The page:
Despite our region’s critical water needs, House and Senate leaders went on a last-minute spending spree and earmarked some $300 million for legislators’ pet projects, including $2 million for the for-profit IMG Academy in Bradenton.

Florida taxpayers should be outraged.

Treasure Coast residents should be incensed that lawmakers curried favor with select supporters at the expense of our waterways.

The water projects proposed for state funding by local governments are not “turkey” projects; instead, they are projects critical to the restoration and health of our river and lagoon.

Our region deserved better.

Eve Samples: Joe Negron is optimistic. This is why.
Eve Samples
3:09 AM, Jul 5, 2015

What now?

The state Legislature shirked its responsibility on Amendment 1 money.

The U.S. Sugar land deal is dead.

To understand the scope of the environmental letdown we just witnessed in Tallahassee, consider these numbers:

About $82 million was tagged in the upcoming state budget for the Everglades, Lake Okeechobee and the St. Lucie and Caloosahatchee estuaries.

Last year, the figure was $232 million.

Still, Gov. Rick Scott was brazen enough to make this statement at a June 2 business summit for presidential candidates: “If you care about the environment, we’ve got record funding.”

Tell that to disappointed supporters of the Indian River Lagoon, the 156-mile-long estuary that has been imperiled by decades of freshwater discharges from Lake O and other sources of pollution.

Where do we go from here?

State Sen. Joe Negron told me last week he intends to revive his call for buying more land for water storage south of Lake O. Considering he is leading the race to become the next Senate president, there’s reason to believe he might succeed.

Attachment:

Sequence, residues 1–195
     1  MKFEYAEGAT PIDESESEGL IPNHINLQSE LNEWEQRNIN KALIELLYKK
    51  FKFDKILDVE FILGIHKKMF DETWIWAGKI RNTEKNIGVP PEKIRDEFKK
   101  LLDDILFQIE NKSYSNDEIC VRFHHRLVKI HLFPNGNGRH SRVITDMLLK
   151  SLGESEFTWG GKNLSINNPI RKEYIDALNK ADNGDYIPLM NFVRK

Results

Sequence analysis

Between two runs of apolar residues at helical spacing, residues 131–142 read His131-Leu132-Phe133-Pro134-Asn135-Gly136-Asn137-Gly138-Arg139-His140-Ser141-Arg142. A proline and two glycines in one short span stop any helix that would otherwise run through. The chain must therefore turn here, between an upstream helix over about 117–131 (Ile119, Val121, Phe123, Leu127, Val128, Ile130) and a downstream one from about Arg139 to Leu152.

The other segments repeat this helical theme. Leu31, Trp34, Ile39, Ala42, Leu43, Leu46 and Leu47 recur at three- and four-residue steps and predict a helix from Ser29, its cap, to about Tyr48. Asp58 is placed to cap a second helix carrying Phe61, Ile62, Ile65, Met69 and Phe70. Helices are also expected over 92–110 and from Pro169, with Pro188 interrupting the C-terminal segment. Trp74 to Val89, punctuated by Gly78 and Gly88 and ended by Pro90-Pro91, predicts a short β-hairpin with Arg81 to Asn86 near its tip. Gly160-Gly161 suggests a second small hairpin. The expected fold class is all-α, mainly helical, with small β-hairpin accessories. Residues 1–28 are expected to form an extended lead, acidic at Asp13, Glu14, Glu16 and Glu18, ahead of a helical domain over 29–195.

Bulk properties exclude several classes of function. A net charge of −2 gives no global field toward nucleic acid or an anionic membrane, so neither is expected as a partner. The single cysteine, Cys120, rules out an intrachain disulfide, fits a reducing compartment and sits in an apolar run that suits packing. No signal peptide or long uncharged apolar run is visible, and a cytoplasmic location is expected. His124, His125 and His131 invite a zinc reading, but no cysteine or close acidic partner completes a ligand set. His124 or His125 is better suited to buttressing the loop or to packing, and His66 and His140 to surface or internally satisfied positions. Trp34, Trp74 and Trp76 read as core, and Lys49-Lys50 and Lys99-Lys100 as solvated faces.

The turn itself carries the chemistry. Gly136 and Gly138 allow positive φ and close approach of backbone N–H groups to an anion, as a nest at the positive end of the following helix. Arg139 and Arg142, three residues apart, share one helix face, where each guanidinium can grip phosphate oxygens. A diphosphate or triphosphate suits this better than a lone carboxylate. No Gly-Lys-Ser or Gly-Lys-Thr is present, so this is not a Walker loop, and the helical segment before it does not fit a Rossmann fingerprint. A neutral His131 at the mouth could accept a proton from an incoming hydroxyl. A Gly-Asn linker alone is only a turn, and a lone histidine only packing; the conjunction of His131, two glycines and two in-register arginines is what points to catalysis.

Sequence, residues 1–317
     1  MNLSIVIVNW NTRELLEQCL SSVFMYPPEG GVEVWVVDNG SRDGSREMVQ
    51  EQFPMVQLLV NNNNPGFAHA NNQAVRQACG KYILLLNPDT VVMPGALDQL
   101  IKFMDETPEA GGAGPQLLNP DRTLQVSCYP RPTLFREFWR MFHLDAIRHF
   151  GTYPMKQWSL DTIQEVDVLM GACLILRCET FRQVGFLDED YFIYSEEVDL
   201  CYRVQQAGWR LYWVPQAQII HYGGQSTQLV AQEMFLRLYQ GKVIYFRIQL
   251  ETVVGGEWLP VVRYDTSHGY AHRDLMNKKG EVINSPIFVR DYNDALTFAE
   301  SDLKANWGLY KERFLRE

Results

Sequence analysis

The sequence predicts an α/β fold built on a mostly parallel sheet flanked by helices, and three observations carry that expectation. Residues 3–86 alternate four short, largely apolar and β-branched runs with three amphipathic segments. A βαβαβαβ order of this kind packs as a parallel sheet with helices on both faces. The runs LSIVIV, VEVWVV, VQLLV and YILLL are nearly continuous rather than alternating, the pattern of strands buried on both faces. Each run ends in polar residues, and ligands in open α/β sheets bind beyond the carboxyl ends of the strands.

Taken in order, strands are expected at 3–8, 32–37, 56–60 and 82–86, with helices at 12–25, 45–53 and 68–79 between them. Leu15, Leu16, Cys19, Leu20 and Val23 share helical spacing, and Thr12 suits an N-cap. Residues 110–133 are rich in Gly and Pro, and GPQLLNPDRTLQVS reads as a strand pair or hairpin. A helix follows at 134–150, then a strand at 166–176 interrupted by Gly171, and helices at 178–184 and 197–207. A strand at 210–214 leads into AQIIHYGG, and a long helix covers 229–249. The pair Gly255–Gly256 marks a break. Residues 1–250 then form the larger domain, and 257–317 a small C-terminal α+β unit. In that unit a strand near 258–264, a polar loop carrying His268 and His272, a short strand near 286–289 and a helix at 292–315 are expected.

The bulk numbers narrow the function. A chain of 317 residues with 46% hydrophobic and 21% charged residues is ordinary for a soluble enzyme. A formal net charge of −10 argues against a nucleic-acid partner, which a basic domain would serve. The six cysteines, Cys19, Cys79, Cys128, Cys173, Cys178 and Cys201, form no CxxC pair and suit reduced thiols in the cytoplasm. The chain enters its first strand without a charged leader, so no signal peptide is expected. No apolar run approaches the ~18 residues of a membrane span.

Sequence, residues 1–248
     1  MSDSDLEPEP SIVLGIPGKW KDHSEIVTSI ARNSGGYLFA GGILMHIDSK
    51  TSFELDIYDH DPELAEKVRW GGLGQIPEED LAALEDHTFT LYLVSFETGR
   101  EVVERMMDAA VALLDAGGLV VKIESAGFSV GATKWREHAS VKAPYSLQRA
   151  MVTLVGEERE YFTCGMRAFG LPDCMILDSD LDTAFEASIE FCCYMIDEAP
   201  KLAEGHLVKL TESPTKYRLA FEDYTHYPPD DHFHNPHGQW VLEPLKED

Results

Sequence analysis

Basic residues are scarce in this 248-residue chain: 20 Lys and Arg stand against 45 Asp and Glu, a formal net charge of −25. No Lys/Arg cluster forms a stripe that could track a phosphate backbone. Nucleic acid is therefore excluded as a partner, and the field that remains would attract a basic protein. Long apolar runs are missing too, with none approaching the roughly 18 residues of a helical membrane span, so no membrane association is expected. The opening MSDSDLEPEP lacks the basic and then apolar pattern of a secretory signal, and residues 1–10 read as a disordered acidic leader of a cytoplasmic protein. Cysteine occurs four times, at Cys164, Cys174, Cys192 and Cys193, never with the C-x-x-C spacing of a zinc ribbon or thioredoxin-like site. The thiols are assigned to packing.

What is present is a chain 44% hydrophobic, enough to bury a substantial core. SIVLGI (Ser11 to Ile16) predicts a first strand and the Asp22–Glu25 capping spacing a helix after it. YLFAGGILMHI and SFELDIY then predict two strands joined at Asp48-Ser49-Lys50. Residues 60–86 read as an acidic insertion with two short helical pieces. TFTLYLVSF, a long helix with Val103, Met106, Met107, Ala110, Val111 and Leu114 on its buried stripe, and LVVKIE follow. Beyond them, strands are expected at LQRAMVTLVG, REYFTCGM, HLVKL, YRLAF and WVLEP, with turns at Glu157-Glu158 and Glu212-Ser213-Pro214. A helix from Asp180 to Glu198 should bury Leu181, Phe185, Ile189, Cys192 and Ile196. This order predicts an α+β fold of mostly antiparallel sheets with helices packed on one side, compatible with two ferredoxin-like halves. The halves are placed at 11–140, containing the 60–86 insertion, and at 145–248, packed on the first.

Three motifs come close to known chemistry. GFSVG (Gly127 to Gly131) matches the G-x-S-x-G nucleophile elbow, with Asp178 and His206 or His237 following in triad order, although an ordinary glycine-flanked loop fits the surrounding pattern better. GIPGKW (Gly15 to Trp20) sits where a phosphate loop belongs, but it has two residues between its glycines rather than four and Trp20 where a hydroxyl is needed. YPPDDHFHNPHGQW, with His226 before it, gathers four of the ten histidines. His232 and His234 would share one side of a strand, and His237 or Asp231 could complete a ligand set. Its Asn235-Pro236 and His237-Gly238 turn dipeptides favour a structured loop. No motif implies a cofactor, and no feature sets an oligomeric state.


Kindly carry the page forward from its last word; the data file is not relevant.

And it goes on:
Negron is undeterred by the South Florida Water Management District’s shortsighted decision to kill the option to buy 46,800 acres of U.S. Sugar’s land. He wants to look for more land. He plans to renew his call to bond Amendment 1 proceeds to make available about $500 million for that cause.

If Negron secures the two-year post as Senate president in 2017-18, as he expects to in December, he could be powerful enough to overcome resistance to bonding from many state leaders.

“Bonding is the right way to do things,” said Negron, R-Stuart, “because bonding is anticipated by the plain language of Amendment 1.”

Negron said he was encouraged the final day of the June special session, when current Senate President Andy Gardiner publicly mentioned the need for additional water storage south of Lake O. That’s critical to stopping the periodic and damaging discharges of lake water to our estuaries.

“Sometimes it takes longer to achieve a legislative goal than one would hope,” Negron told me, “but that doesn’t weaken my resolve.”

The goal of restoring the southern flow of water from Lake O has remained elusive for almost a century.

It will take more than resolve to achieve it. It will require willingness to rebuff some of the state’s most powerful players — including the sugar industry that owns much of the land.

Time will tell of Negron is willing to do that.

1 comment:

cyndi said...

The biggest mistake will be if Joe Negron becomes senate president. This is a man who has no compassion what so ever for anyone especially our most vulnerable people.
I'm glad north river shores is getting money for sewage but what a waste in the long run if we have discharges does it really matter.
Ocean Breeze is a trailer park originally owned by the Hoke Family and then they sold it to the people who lived there and that turned out to be a disaster. Carefree resorts bought it and they are getting rid of all the old trailers and replacing with nice new manufactured homes. It's a great location right on the lagoon. Only issue the stink is horrid. Interesting about the "toxic storm water." I've been asking for six years what that smell is and i was told it was nothing. Other people have told me there are various septic issues going on here. No one tells the same story but its interesting how this place could get nothing until a big corporation bought them. Never boring in our little county of 150 thousand people or so.